A local first responder is honoring brethren who perished in New York on 9/11 by climbing 110 flights of stairs in their memory.

Steve Coyne, a 16-year veteran of the Chicago Police Department (CPD), is one of 70 law enforcement officers and 343 firefighters participating in the 9/11 Memorial Stair Climb in Dallas on Sept. 6.

The event pays tribute to the fallen heroes of 9/11 by limiting participation to first responders and capping the number of participants to coincide with the number of first responder lives lost that day. Participants will climb 110 flights of stairs, which represents the number of floors in the World Trade Center’s Twin Towers, wearing full protective equipment and the name of a first responder killed on 9/11.

With the motto “We climb because they climbed,” the event features a moment of silence at 8:46 a.m., the playing of taps at 9:59 and 10:28 a.m.— the moments at which the two towers fell—and artifacts from Ground Zero, including a piece of steel and the helmets of two New York firefighters killed in the terrorist attack.

Coyne, 43, of Mt. Greenwood, an officer in the 7th District of the CPD, will head to Dallas for the event with his wife, Marnie, and 9-year-old son Christopher. A member of the Bagpipes and Drums of the Emerald Society of the CPD, Coyne will also travel to Dallas with his bagpipes and play in the opening ceremony of the event.

While it’s his first time participating in the Dallas event, climbing stairs for charity has become a hobby that began a couple of years ago when a friend asked Coyne to climb the 80 floors of the Aon building in Chicago to benefit Lurie Children’s Hospital, he said.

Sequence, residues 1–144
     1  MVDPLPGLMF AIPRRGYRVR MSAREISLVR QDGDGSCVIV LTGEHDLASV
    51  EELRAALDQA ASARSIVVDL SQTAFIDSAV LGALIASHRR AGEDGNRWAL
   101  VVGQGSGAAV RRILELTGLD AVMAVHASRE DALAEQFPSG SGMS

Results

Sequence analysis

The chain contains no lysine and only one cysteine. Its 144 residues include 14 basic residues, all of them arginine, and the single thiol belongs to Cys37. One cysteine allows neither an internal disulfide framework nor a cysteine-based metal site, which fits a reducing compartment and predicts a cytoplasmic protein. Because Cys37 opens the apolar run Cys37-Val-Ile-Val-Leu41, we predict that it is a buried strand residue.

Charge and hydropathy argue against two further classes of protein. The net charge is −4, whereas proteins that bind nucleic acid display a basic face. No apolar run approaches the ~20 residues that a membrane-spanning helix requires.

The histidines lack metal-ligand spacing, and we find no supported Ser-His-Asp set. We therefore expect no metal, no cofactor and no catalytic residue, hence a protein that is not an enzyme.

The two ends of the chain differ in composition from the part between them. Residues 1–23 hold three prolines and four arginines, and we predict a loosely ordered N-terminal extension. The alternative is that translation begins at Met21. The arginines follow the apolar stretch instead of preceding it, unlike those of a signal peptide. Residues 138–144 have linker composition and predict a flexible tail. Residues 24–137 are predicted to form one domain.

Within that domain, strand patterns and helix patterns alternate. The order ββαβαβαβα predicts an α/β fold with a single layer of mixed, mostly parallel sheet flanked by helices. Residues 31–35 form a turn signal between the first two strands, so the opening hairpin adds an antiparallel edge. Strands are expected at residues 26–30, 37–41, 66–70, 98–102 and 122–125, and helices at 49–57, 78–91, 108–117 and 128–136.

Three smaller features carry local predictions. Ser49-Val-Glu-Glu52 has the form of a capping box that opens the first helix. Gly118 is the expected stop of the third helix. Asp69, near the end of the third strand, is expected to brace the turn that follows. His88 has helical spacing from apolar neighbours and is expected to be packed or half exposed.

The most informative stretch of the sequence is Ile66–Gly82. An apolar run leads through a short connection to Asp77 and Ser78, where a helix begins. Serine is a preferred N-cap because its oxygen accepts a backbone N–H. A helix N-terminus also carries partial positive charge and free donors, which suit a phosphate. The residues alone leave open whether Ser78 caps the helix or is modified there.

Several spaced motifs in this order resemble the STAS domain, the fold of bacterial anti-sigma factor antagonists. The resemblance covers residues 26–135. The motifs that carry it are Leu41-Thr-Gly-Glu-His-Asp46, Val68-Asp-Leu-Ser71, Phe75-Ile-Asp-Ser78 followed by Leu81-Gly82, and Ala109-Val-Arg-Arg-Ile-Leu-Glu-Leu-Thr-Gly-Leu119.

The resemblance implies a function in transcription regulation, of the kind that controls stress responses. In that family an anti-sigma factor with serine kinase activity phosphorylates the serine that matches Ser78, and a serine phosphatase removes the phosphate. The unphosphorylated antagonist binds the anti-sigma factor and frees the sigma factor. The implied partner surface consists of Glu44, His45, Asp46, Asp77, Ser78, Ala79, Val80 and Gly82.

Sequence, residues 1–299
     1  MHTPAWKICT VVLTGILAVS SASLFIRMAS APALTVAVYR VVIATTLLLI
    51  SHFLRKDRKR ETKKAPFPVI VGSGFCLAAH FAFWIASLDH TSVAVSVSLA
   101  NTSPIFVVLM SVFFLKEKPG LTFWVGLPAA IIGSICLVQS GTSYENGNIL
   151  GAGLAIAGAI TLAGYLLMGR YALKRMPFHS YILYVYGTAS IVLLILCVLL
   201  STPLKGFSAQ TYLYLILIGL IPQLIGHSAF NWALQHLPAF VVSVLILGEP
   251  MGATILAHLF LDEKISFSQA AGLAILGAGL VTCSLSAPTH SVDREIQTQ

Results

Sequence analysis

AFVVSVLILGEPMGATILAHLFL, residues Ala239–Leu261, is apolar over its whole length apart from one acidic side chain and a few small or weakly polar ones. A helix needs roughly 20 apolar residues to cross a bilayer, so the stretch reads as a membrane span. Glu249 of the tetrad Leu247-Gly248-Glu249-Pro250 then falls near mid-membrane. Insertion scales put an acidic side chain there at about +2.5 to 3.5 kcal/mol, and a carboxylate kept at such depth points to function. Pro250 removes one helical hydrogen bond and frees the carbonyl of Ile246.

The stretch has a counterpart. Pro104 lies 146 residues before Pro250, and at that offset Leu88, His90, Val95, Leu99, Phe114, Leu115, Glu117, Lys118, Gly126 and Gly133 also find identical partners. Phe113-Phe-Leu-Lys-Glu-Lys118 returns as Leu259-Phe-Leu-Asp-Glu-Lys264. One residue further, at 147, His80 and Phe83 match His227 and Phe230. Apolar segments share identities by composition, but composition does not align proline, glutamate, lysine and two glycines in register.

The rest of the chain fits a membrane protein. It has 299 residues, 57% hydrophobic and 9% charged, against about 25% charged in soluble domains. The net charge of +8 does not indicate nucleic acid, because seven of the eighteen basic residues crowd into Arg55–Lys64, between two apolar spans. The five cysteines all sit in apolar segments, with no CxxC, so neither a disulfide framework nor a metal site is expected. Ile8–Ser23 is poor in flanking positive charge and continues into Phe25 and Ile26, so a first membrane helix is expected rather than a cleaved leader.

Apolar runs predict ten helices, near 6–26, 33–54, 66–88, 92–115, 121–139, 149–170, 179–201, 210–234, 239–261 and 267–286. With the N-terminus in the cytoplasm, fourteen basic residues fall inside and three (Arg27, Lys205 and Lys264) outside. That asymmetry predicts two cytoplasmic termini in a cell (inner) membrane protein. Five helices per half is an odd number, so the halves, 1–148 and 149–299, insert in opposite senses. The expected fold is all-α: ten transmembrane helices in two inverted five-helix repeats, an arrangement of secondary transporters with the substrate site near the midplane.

Since then, Coyne said, he has climbed the Aon building an additional two times, the Willis Tower twice, the John Hancock building twice and high-rises in Los Angeles and Buffalo, N.Y. He also participated in the American Lung Association’s Power Hour, where participants climb the 31 stories of the Oakbrook Terrace Tower as many times as possible in 60 minutes. Coyne’s son Christopher joined him for many of the events.

Coyne trained for his first stair climb indoors on a stair machine, he said, but has since transitioned to training outdoors on a former toboggan run at the Cook County Forest Preserve District’s Swallow Cliff North in Palos Park. The preserve features 125 limestone steps that lead to the top of a 100-foot bluff.

“It’s a great workout, and it doesn’t bother my knees as much as running does,” Coyne said. “I have a friend who has run the Chicago Marathon; he climbed the stairs five times and said he couldn’t move his legs the next day. I’ll climb it 25 to 30 times on a good day, 10 times on a bad day, but I usually try to keep it around 15 times four to six times a week when I’m training for an event and two to three times when I’m not.”

Losing weight and becoming more physically fit is one of the benefits of Coyne’s hobby, he said. He recently lost 35 pounds and has noticed an improvement in his cardiovascular health, demonstrated during his participation in the annual Battle of the Badges boxing exhibition between the Chicago Fire and Police departments.

“I couldn’t have done this at 21,” he said. “I was too busy drinking and lifting weights.”

Coyne said he has wanted to participate in a 9/11 memorial climb ever since seeing the devastation at Ground Zero in February 2002.

“Even though five months had passed, it was unimaginable what the first responders dealt with on that day,” Coyne said. “Dallas is the first one that I found that allows police to participate along with firefighters.”

In addition to paying tribute to New York firefighters, the climb also honors members of the New York and Port Authority police departments, Coyne said. He hopes to raise $911 for the event, which benefits the National Fallen Firefighters Foundation, the National Law Enforcement Officers Memorial Fund, the Texas Line of Duty Death Task Force, Concerns of Police Survivors and Tuesdays Children.

To donate, visit the Web site at crowdrise.com and search for Steve Coyne Chicago PD Bagpiper.